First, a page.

Unlike the crucible of the ascetic lifestyle of John the Baptist and the sadhus of India, the ‘holy human” doesn’t strive for perfection by denying the world, in order to achieve that perfection. Rather, he/she (the holy human) would re-define it. Fr. Seán ÓLaoire would say that perfection is not a “stainless steel sinlessness.” He offers one description of sin as “missing the mark.” We are aware of the target, we aim, but we must practice over and over to eventually strike the center. Life affords us both the opportunity to practice and the feedback we require to succeed.After each attempt, we repair the arrow, refine our aim/technique, and tighten or loosen the bow. How do we think creatively about how to do that? The great saints and sages refine their technique by choosing a path that allows them to go to the mountain top, to experience transcendence and to take that experience with them back down to earth, to inform their words and actions. Indeed the mountain top can be very attractive, but unlike saints and sages, I find that my life is such, that I spend much more time at the base of the mountain than I do on the mountain top. My perennial hope is to pack up and move my base camp a little higher with each new experience.
My first major opportunity to move my base camp upward came for me at an early age. The experience created an alteration, an evolution in my thinking, or maybe an acknowledgement of the truth that my inner soul Self always knew was there. The groundwork had been laid for years previous. Growing up in the Deep South in the 1960s, life’s call came loudly in the form of desegregation, voting rights, and underserved black children. By then I had borne innocent witness, as only a child can, to the inequality surrounding me and smothering Southern society.
So, what do each of us have in our spiritual “backpacks” for the ascent and descent of the mountain?
- We each have our own set of unique gifts and talents, given to us to use as our way of contributing to the spiritual evolution of the planet.
- We each have a conscience – an inner knowing – a voice that speaks truth to us, when we are quiet enough to listen.
- We each have a desire to connect, love and be loved. Coupled with inner knowing, it manifests as kindness and compassion for all sentient beings.
- We each have a desire to do the right thing. We are, in fact, drawn along the path to the good, and bit by bit, we align ourselves with it.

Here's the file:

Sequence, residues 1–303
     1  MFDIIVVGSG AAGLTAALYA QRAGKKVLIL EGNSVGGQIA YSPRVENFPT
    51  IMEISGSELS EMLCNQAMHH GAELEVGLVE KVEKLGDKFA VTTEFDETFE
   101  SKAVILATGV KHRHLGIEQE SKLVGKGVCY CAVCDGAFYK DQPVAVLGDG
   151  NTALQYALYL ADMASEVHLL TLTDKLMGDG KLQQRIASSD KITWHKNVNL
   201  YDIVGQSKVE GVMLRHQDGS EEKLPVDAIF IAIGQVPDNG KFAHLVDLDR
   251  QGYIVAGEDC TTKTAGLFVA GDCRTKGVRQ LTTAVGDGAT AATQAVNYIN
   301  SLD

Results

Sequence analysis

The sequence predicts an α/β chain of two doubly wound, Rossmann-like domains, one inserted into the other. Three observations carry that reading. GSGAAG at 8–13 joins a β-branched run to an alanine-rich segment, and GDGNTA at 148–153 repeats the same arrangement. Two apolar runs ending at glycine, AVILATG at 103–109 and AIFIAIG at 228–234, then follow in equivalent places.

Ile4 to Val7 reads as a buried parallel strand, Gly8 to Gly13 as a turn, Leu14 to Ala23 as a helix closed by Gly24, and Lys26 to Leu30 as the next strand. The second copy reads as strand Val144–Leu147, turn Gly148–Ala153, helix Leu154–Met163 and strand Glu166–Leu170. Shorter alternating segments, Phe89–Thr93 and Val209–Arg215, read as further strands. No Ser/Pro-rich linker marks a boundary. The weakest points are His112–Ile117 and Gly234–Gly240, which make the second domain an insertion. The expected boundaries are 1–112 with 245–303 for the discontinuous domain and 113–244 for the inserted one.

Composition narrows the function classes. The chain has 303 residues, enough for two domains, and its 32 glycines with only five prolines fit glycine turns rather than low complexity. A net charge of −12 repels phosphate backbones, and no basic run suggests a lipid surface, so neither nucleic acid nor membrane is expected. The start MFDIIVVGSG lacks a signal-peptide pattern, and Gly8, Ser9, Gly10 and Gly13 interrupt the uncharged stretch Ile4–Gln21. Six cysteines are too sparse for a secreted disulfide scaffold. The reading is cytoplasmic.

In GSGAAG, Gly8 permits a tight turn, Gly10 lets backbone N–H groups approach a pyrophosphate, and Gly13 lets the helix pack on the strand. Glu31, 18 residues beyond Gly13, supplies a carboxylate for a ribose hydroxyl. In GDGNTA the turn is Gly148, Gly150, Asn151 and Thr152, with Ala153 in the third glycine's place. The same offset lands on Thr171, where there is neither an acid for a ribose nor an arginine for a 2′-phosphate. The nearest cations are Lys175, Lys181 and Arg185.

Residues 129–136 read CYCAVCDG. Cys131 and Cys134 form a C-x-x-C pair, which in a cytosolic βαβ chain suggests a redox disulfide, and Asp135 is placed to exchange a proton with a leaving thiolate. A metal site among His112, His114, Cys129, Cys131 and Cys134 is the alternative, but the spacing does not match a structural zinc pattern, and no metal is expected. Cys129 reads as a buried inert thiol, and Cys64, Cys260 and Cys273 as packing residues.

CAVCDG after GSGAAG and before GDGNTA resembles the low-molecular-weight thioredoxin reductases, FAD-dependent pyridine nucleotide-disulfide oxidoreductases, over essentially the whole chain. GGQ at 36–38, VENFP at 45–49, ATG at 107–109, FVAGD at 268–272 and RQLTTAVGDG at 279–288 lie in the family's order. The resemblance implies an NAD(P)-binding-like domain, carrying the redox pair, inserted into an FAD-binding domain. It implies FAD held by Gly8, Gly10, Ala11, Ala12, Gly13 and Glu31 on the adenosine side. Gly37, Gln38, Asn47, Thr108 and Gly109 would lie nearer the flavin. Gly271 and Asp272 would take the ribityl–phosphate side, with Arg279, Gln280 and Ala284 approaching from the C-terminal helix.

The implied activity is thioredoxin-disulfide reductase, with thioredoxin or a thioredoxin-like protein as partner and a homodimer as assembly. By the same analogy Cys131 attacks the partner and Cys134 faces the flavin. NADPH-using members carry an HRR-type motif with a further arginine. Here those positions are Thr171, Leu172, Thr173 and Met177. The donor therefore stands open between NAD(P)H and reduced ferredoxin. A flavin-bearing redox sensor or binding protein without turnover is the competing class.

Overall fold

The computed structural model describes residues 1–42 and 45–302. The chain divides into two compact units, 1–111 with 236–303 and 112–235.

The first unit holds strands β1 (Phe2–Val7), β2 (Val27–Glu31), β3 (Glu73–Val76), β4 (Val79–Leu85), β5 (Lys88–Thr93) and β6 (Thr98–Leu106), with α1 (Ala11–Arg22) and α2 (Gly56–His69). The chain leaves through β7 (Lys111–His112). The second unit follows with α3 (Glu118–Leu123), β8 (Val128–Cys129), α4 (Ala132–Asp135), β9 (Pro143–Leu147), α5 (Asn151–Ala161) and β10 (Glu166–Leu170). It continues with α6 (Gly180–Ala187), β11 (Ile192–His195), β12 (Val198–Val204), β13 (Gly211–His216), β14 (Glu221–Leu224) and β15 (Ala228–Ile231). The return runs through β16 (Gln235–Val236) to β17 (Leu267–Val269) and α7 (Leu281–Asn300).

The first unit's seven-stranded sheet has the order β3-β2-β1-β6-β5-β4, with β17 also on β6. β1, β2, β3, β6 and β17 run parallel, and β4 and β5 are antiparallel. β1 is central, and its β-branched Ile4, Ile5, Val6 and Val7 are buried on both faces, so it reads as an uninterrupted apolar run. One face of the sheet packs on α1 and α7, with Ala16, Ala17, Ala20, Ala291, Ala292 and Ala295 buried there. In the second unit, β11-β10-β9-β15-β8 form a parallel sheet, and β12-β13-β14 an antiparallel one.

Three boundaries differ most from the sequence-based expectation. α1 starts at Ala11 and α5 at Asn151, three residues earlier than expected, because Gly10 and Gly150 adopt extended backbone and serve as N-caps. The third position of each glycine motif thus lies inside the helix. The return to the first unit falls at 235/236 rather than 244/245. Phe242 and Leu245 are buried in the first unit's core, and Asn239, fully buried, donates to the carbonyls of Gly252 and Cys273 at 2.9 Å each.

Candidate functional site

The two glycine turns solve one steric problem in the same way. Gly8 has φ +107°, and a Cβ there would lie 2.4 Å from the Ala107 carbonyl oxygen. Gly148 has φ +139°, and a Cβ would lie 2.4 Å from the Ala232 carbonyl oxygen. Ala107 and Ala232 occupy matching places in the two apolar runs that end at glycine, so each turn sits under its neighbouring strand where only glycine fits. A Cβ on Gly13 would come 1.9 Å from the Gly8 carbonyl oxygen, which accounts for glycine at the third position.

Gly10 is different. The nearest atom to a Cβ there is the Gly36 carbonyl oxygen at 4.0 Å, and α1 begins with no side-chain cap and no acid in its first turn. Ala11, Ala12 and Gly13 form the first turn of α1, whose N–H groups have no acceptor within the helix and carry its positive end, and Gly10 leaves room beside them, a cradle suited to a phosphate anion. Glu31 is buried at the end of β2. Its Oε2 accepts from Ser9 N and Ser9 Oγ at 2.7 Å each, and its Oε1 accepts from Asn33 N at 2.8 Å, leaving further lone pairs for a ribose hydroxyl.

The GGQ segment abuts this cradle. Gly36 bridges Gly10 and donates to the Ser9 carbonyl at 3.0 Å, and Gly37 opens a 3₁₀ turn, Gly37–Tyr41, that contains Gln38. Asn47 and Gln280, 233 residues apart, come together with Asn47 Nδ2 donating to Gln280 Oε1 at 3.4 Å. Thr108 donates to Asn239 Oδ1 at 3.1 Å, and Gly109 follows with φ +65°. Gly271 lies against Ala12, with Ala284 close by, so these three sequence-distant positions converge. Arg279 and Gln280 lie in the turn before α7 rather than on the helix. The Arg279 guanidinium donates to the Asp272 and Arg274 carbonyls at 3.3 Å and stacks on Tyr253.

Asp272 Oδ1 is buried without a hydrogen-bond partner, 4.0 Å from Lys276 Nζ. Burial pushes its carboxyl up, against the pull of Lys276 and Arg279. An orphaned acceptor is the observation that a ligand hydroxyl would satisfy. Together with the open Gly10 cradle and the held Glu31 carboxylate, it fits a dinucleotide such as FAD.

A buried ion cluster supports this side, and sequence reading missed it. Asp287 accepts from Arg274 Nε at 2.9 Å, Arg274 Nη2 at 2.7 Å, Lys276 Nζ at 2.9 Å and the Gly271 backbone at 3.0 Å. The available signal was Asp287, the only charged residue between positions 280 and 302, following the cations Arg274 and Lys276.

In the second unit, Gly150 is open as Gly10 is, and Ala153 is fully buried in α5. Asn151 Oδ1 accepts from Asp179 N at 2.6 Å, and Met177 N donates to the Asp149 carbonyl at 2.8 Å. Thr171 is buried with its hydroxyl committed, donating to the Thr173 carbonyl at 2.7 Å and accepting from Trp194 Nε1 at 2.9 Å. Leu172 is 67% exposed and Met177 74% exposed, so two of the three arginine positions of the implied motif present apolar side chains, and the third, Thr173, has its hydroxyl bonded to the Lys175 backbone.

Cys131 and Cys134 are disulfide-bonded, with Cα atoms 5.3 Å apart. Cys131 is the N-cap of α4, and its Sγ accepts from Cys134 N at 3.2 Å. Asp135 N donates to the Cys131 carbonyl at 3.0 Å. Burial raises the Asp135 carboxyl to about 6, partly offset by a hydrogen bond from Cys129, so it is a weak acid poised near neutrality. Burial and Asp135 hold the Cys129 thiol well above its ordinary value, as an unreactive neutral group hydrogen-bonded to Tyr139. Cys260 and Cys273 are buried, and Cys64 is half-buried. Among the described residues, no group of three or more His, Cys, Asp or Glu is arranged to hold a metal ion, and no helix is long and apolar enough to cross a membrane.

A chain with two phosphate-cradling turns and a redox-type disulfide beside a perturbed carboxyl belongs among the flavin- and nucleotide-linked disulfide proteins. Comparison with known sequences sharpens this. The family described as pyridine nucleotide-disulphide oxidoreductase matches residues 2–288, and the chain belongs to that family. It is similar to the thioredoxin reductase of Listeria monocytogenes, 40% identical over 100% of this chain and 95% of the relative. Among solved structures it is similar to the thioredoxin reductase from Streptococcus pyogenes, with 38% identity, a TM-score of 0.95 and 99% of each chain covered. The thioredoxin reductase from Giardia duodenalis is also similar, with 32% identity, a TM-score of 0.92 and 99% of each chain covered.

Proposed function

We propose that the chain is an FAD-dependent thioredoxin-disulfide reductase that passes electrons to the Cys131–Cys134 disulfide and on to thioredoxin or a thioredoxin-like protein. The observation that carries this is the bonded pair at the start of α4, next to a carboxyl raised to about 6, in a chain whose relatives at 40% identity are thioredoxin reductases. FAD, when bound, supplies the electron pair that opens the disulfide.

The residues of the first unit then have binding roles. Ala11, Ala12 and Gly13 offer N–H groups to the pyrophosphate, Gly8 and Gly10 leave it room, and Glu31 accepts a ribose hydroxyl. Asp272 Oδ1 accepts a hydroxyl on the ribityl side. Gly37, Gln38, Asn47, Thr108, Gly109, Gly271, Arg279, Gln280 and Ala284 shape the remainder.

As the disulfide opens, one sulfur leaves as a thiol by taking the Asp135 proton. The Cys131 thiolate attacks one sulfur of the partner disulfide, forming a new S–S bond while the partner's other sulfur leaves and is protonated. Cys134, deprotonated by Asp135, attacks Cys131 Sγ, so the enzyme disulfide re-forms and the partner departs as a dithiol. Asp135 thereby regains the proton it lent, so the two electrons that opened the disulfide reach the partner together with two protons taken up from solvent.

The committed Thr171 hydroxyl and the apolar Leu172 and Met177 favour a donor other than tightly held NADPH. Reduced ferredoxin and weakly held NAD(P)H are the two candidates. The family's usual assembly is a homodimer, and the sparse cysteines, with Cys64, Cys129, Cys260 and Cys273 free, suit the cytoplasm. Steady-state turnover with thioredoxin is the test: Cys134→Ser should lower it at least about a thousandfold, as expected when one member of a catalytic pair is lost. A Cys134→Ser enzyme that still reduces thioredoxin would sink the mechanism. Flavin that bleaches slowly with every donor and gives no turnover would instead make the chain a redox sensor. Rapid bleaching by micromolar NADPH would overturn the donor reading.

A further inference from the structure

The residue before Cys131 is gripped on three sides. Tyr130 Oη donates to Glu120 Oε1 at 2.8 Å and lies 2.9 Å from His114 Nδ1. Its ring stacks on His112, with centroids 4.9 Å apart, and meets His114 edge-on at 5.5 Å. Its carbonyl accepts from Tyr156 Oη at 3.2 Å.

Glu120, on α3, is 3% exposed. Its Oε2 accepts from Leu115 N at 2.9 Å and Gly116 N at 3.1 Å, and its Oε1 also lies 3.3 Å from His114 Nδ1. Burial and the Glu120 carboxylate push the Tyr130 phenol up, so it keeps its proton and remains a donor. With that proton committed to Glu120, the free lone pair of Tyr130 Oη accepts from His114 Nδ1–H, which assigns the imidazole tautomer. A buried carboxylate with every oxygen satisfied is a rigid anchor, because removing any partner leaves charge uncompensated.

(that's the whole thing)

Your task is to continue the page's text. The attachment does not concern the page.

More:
Life calls to each of us in different ways. We each carry a candle, our own small light through life. Each journey up the mountain changes the quality of our response to life’s call at the mountain’s base. Our journey could be through prayer, meditation, music, art, Nature – any means through which we transcend time and space – where we find truth, beauty, and God (Source) waiting.
The essence of a “good” year or a “bad” year has to do in great part with the quality of our interactions with others, in whatever circumstances, even difficult ones, in which we may find ourselves. Perhaps we commit to learning patience, to cultivating equanimity, to increasing our ability to stay present, to becoming better listeners, to not making assumptions, to allowing others to grow and change as they follow their path, to loosening the chains of unforgiveness that bind us to separation and grief.
How can I raise my base camp a little higher? By meeting each new experience with these virtues from the prophet Micah: to do justice, to love kindness and to walk humbly with your God (Micah 6:8) By birthing better and better versions of ourselves, we walk with God. God is always walking with us, how do we walk with Her?
Maybe St. Theresa of Avila has the answer we are looking for. As the story goes,
One day at dinner she was heartily enjoying the roast partridge. Another nun, a little shocked, asked her if it wouldn’t be better to be praying than to be enjoying dinner. Teresa answered, “When I pray, I pray; when I partridge, I partridge!”
Beloved St. Theresa – saint, holy woman, holy human!